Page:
A few years ago my husband and I paid off our credit cards. Finally. We had dreamed about paying off our credit cards from the day we got married. Unfortunately, we didn’t have a plan at first, so paying off our credit cards remained a dream.
Eventually we made a plan to pay off our credit cards. And our plan worked! So if you have a credit card balance that you’d like to see paid off, maybe our plan will work for you.
1. Transfer your balances to a card with an introductory 0% APR. When we did this, I hated the idea of opening up another credit card, but at the same time, I knew a 0% APR would make paying off my credit cards go much quicker.
The key is to find a card with a low introductory rate that will remain low until you can pay it off. In our case, we paid off our credit card before the rate went above 0% APR.
2. Stop using your credit cards. If you are carrying a balance on your credit cards from month to month, you need to stop using your credit cards. Period. You will never pay them off if you keep adding to the balance.
Freeze the cards, if you aren’t ready to cut them up. Eventually we shredded our cards. It was a very scary, yet freeing moment. We haven’t used credit cards since.
3. Snowflake payments. Snowflakes are little bits of money you collect to pay off your debts. Money from selling things on ebay, babysitting, a second job, or whatever extra money you come up with. Set that money aside in a jar. Once a week make a payment on your credit card, using your snowflaked money. Check with your bank first, to make sure you can make weekly payments without incurring extra fees, though.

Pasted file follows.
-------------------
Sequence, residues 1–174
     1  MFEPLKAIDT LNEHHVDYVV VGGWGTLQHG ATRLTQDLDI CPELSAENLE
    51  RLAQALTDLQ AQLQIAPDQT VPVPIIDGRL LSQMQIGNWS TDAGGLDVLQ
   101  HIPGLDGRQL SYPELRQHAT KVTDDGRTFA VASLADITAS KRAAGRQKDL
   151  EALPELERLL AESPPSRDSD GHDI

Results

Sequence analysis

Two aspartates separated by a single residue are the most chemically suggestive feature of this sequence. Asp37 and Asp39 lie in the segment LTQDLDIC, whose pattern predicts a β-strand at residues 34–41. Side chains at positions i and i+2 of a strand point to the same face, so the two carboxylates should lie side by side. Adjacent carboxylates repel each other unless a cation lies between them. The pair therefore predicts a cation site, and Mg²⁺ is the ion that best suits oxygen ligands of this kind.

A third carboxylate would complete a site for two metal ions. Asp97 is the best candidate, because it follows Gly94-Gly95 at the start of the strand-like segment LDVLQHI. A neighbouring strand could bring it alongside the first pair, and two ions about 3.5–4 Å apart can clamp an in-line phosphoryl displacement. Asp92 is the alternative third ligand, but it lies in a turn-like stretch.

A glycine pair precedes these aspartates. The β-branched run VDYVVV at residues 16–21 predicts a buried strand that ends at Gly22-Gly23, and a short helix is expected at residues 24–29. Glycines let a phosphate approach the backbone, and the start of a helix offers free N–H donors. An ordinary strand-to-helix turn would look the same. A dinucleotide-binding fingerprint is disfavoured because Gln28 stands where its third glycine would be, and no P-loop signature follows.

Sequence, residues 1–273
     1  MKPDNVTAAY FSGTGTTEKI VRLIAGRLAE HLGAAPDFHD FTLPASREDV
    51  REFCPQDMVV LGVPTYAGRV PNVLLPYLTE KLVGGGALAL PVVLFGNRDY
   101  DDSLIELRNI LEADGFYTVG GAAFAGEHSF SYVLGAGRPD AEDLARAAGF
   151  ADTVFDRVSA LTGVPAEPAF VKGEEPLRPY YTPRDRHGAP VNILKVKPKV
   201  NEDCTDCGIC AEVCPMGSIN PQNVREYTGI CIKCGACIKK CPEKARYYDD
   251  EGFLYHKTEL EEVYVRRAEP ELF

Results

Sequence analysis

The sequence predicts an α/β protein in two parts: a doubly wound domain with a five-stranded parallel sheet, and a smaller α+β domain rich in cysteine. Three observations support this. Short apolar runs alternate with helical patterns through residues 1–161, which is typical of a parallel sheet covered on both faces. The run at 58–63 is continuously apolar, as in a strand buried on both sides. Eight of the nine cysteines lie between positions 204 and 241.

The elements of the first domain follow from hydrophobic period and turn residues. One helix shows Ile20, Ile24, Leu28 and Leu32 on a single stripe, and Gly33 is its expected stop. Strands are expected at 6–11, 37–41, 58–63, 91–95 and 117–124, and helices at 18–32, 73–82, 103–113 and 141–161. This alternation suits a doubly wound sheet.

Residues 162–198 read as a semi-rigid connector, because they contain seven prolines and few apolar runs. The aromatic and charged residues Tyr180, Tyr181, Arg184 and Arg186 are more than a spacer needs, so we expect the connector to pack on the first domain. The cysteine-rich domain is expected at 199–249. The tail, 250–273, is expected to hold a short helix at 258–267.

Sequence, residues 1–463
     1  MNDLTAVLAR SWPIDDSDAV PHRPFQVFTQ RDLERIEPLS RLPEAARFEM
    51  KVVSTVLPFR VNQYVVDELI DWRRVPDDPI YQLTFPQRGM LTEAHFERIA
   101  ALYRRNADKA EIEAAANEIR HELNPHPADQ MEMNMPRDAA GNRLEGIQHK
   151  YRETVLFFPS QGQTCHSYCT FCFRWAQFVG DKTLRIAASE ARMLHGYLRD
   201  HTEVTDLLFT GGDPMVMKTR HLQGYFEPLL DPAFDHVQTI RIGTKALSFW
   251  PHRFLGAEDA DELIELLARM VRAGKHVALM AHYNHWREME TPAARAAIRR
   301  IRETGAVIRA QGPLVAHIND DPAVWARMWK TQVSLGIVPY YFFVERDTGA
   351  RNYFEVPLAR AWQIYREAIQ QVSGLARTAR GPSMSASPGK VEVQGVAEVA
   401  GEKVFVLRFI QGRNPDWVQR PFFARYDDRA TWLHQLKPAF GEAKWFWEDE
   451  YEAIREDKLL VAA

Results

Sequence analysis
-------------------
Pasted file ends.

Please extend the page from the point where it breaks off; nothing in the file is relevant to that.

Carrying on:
4. Use the debt snowball. The debt snowball is simple. When you pay off one credit card, add the amount you were paying toward the first credit card to the payment on the next credit card. For instance, if you were paying $100 a month on the first card and $50 a month on the second, when you pay the first credit card off, start paying $150 on the second card. You’ll be amazed at how quickly your debt starts to go down.
5. Make a commitment to never go into consumer debt again. Once your credit cards are paid off, don’t ever carry a balance again. Personally, I can’t imaging carrying around another credit card. But if you do, for rewards or other reasons, make sure you pay off the balance in full every month. It’s the only way to be truly financially free.
Photo by The Consumerist.
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I'm just an average mom, trying to live a frugal life and get out of debt. I write about things that have (and haven't) worked to improve my family's financial situation. What works for me may or may not work for you, and you should always consult a financial advisor before making important financial decisions.
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